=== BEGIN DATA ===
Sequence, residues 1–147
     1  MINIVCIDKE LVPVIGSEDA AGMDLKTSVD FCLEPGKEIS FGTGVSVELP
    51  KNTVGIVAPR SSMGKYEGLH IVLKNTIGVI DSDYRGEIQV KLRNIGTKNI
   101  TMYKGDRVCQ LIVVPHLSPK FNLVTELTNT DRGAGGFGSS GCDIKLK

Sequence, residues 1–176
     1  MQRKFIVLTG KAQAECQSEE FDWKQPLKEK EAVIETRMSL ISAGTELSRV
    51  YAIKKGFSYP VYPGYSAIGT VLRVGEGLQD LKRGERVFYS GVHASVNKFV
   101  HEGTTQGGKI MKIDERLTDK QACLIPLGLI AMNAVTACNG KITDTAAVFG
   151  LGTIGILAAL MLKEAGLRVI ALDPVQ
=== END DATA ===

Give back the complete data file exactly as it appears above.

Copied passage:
Sequence, residues 1–147
     1  MINIVCIDKE LVPVIGSEDA AGMDLKTSVD FCLEPGKEIS FGTGVSVELP
    51  KNTVGIVAPR SSMGKYEGLH IVLKNTIGVI DSDYRGEIQV KLRNIGTKNI
   101  TMYKGDRVCQ LIVVPHLSPK FNLVTELTNT DRGAGGFGSS GCDIKLK

Sequence, residues 1–176
     1  MQRKFIVLTG KAQAECQSEE FDWKQPLKEK EAVIETRMSL ISAGTELSRV
    51  YAIKKGFSYP VYPGYSAIGT VLRVGEGLQD LKRGERVFYS GVHASVNKFV
   101  HEGTTQGGKI MKIDERLTDK QACLIPLGLI AMNAVTACNG KITDTAAVFG
   151  LGTIGILAAL MLKEAGLRVI ALDPVQ